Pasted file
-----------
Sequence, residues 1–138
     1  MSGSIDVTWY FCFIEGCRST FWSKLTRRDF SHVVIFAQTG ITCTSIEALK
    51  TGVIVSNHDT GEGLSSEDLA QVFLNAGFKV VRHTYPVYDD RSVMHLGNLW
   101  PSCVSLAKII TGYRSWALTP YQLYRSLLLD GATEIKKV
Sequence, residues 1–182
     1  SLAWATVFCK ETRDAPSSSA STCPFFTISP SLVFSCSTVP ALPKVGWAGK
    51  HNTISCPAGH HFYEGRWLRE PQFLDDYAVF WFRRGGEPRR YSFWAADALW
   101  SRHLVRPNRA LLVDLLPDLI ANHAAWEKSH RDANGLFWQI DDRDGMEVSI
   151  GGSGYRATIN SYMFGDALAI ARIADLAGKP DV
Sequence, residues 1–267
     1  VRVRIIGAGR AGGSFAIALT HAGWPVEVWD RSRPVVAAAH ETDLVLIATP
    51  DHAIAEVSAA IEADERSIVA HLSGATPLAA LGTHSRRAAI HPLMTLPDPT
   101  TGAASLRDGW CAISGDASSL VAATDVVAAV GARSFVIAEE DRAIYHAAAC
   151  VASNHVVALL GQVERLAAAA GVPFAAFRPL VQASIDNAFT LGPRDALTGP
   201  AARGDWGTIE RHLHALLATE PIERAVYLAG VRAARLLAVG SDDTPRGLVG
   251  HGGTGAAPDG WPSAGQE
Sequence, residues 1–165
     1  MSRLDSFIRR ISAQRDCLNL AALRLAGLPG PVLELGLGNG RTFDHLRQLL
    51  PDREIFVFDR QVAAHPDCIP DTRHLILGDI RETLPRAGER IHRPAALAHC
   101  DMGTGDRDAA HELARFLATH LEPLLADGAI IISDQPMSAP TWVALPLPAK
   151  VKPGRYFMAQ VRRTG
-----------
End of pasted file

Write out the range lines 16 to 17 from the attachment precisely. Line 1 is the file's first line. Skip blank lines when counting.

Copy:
   251  HGGTGAAPDG WPSAGQE
Sequence, residues 1–165